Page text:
Basically, we have carefully designed several approaches to evaluate each trustworthiness perspective accordingly.

What were some of your key findings, and what are the implications of these?

We have provided key findings for each trustworthiness perspective. Overall, we find that:

  1. GPT-4 is more vulnerable than GPT-3.5
  2. There is no model that can dominate others on all trustworthiness perspectives
  3. There are tradeoffs between different trustworthiness perspectives
  4. LLMs have different capabilities in understanding different privacy-related words. For instance, if the model is prompted with “in confidence,” it may not leak private information, while it may leak information if prompted with “confidently.”
  5. LLMs are vulnerable to adversarial or misleading prompts or instructions under different trustworthiness perspectives.

Were there any findings that were particularly surprising or concerning?

I think the finding 1) is a bit surprising to us and indeed concerning given the wide adoption of GPT-4. Actually, all the above findings are somewhat surprising and concerning for the deployment of LLMs in practice.

What further work are you planning in this area?

We plan to provide approaches to enhance the safety and alignment of LLMs and make LLMs more trustworthy in these and other trustworthiness perspectives.

In addition, we plan to perform red teaming and risk assessment for AI agents to ensure their safety and trustworthiness in different applications. We have also been working on evaluating the trustworthiness of pruned and quantized models to analyze the impact on trustworthiness for different model pruning and quantization methods, which are critical in building efficient models.

About Bo Li

Dr Bo Li is an associate professor in the Department of Computer Science at the University of Chicago. She is the recipient of the IJCAI Computers and Thought Award, Alfred P. Sloan Research Fellowship, AI’s 10 to Watch, NSF CAREER Award, MIT Technology Review TR-35 Award, Dean's Award for Excellence in Research, C.W. Gear Outstanding Faculty Award, Intel Rising Star award, Symantec Research Labs Fellowship, Rising Star Award, Research Awards from Tech companies such as Amazon, Meta, Google, Intel, IBM, and eBay, and best paper awards at several top machine learning and security conferences. Her research focuses on both theoretical and practical aspects of trustworthy machine learning, which is at the intersection of machine learning, security, privacy, and game theory. She has designed several scalable frameworks for certifiably robust learning and privacy-preserving data publishing. Her work has been featured by several major publications and media outlets, including Nature, Wired, Fortune, and New York Times.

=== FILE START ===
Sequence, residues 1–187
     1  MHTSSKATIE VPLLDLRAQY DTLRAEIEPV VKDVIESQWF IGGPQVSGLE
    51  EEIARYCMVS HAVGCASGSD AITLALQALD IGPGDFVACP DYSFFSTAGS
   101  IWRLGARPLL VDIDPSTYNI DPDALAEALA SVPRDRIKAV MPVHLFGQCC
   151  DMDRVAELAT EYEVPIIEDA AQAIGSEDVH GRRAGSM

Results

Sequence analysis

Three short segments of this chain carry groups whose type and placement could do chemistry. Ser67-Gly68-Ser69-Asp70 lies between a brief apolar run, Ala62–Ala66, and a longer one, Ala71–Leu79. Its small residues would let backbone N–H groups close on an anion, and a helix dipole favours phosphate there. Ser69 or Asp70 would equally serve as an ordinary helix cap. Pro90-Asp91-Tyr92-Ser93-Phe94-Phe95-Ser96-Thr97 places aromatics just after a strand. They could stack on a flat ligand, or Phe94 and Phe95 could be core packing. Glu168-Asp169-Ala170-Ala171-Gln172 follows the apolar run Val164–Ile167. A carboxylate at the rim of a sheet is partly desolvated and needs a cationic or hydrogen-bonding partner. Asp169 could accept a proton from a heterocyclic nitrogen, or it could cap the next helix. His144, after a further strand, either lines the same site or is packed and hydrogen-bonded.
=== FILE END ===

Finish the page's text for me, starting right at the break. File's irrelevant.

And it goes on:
Read the research in full

DecodingTrust: A Comprehensive Assessment of Trustworthiness in GPT Models, Boxin Wang, Weixin Chen, Hengzhi Pei, Chulin Xie, Mintong Kang, Chenhui Zhang, Chejian Xu, Zidi Xiong, Ritik Dutta, Rylan Schaeffer, Sang T. Truong, Simran Arora, Mantas Mazeika, Dan Hendrycks, Zinan Lin, Yu Cheng, Sanmi Koyejo, Dawn Song, Bo Li.

The project page.



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Lucy Smith , Managing Editor for AIhub.
Lucy Smith , Managing Editor for AIhub.